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Biigtigong Nishnaabeg expanding water capacity with connection to Lake Superior

Community's new water treatment facility will meet growing demand, combat boil water advisories

BIIGTIGONG NISHNAABEG — Residents of Biigtigong Nishnaabeg First Nation (Pic River), on the north shore of Lake Superior, are set to enjoy greatly improved access to clean water thanks to an expansion of water treatment services.

“We’re actually right dead smack in the middle of the construction phase of the water treatment project,” said capital housing director Dan Michano.

The last time Dougall Media reporters spoke to officials from Biigtigong Nishnaabeg about the water treatment facility, things were just about wrapped up in the design phase but approval had not yet been granted by the provincial government.

Now, with the design approved and tendering phase over with — resulting in $58 million in funding awarded to Biigtigong Nishnaabeg to finance the project — the northern First Nation is well on track to seeing this new water treatment become a reality.

“It was almost surreal,” said Michano. “Knowing that we did it. We did all the hard work, all the push from various groups and programs… [now] we can finally see the light at the end of the tunnel.”

With workers and machines on site, foundations are on their way to being laid and progress is being made every day.

“They’re actually just completing the reservoir portion, where all of the above ground [work] is still yet to come… a lot of the actual in-ground pipe, in-ground infrastructure is being applied now until freeze up,” Michano said.

The new reservoir is going to be about “four to five times” larger in volume than the capacity at Biigtigong Nishnaabeg’s current facility, featuring “bigger and better flow rates.”

“Our team has been very diligent in their ability to produce potable water,” said Michano. “We were very diligent in reducing the amount of times we had boil water issues. And, of course, our boil water issues were directly related to the size of the reservoir, where our system just wasn’t able to keep up to the demand of the community.”

An increase in water flow means easier access and less risk, perhaps elimination of boil water advisories for the foreseeable future. The expanded capacity will accommodate not only current residents but also those moving back to Biigtigong Nishnaabeg when the new Generation PGM mining operation gets underway.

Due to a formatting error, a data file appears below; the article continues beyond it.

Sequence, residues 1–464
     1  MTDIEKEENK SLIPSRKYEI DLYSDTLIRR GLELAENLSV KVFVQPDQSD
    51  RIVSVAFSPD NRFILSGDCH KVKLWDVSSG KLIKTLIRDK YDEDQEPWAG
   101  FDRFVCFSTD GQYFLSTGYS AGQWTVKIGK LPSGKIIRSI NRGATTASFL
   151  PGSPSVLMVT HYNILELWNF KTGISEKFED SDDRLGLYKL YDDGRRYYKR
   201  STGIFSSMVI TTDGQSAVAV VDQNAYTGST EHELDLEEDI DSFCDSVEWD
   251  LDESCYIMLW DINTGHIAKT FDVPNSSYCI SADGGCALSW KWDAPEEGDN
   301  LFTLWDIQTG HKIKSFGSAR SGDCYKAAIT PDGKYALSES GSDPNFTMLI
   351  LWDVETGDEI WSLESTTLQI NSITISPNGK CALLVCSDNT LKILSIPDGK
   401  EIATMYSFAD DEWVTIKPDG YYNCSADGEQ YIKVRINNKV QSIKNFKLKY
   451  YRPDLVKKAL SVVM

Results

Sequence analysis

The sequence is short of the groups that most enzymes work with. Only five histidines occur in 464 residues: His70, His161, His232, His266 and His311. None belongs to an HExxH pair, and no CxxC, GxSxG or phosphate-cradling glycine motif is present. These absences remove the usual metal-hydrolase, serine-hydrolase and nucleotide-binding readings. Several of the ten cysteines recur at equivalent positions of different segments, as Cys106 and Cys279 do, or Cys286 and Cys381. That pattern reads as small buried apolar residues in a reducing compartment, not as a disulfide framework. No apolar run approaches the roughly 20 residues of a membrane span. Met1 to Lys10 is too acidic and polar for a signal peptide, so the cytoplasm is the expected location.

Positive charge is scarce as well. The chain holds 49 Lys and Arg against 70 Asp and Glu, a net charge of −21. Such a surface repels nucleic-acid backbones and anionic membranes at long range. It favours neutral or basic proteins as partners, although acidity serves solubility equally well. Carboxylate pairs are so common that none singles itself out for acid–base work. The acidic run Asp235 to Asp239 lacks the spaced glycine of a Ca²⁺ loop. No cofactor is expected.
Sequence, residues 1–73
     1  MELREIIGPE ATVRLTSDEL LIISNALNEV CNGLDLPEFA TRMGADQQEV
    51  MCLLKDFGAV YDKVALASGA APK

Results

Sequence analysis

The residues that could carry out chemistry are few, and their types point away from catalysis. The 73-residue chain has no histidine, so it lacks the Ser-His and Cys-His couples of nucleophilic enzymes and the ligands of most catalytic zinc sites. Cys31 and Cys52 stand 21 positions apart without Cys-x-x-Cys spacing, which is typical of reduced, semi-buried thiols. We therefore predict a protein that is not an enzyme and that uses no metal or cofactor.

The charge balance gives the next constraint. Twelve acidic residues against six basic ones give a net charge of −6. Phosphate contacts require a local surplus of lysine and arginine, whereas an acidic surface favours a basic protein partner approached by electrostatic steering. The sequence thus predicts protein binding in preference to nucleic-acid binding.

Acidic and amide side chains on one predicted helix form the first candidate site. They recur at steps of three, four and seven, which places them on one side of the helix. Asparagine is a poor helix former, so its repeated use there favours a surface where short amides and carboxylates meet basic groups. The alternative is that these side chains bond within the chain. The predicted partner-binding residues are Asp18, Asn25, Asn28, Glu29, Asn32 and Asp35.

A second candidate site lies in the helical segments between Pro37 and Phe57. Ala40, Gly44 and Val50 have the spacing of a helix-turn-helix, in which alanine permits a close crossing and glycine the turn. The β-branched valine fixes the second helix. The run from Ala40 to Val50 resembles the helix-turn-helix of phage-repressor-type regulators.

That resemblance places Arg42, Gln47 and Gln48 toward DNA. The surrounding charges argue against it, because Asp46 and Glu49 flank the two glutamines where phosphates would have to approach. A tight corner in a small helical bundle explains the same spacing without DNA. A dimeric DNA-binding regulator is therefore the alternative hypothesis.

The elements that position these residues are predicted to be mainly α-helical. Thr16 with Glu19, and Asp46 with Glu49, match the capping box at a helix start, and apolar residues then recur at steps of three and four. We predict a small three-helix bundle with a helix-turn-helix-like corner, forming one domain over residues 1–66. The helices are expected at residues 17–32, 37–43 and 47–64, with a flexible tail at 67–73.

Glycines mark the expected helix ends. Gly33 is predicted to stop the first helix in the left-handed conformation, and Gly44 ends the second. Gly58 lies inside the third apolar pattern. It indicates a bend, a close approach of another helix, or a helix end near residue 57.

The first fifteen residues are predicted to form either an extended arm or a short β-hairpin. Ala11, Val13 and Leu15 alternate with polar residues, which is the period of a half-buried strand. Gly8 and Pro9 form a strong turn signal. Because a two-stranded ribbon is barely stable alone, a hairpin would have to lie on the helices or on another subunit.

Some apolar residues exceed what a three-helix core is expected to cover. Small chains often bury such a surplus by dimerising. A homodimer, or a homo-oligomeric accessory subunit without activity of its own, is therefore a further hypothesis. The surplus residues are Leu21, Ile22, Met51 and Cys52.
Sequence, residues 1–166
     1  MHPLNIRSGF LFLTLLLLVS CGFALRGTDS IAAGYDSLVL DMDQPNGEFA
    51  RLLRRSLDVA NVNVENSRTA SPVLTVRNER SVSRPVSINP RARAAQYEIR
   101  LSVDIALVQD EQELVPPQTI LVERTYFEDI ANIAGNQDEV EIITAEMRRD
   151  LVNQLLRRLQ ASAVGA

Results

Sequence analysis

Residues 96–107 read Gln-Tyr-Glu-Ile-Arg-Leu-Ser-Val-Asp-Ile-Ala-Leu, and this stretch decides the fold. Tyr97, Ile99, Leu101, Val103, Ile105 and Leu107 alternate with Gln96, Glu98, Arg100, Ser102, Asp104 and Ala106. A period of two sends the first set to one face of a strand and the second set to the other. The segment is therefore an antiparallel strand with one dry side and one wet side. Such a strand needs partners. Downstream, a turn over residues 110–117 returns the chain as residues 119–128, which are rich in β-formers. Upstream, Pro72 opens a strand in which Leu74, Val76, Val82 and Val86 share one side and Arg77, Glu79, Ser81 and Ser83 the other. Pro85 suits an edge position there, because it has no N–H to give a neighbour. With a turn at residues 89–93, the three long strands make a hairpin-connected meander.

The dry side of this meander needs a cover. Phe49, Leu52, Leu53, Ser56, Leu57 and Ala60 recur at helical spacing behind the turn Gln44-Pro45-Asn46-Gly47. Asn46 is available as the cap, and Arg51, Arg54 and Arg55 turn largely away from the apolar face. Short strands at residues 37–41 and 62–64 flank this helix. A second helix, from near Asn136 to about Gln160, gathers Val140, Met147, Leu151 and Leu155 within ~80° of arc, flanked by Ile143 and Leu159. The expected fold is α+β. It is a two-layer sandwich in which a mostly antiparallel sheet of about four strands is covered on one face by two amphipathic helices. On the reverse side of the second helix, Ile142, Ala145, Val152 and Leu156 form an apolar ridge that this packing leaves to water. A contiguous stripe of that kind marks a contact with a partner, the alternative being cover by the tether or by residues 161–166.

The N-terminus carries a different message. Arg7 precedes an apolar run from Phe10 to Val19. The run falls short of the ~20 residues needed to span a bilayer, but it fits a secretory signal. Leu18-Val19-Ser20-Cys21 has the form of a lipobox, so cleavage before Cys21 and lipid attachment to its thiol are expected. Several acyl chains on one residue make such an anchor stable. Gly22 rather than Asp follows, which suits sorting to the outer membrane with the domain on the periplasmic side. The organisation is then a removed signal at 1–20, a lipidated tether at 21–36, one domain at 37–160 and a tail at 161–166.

“We’re building new infrastructure, adding new infrastructure constantly,” said Michano. “We just ran out of volume.”

And carefully growing infrastructure is something that Biigtigong Nishnaabeg is invested in.

“I think we’re roughly about 173 homes,” said chief executive officer Debi Bouchie. “We don’t want to expand too quickly… we want to really phase in the opportunity for us to build new homes.”

On that note, the new community school also stands to benefit greatly from this crucial infrastructure update.

In the meantime, the school has a reservoir of its own that has been built into the grounds which it can draw from until the new treatment facility is completed.

Looking at timelines, Michano sounded optimistic that the new water treatment facility will be flowing by the end of 2024.

“Next November — nearing the end of November, early December — is when they’re looking to hand over the keys [and] when we’ll begin to finally receive [water] from our renewed source, which is Lake Superior.”

In terms of longevity, Michano assured that the new reservoir will work to serve the community’s long-term plans.

“I think the lifespan of this is closer to 50 years,” said Michano, “as opposed to what we just currently went through — a 30-year phase of the existing plant. So, we’re pretty excited and we’re pretty overwhelmed with what we’ve been granted.”

“This water project that we have will provide safe, reliable drinking water for generations to come,” said Bouchie. “And that was important for us, to be able to put that foundation [down] as well — for our generations who are going to be after us, taking care of our community and helping us build, helping us get even bigger and stronger. We needed to give them the tools to be able to do that and… [water] is a base necessity of life, so that was important for us to get that done.”

— SNnewswatch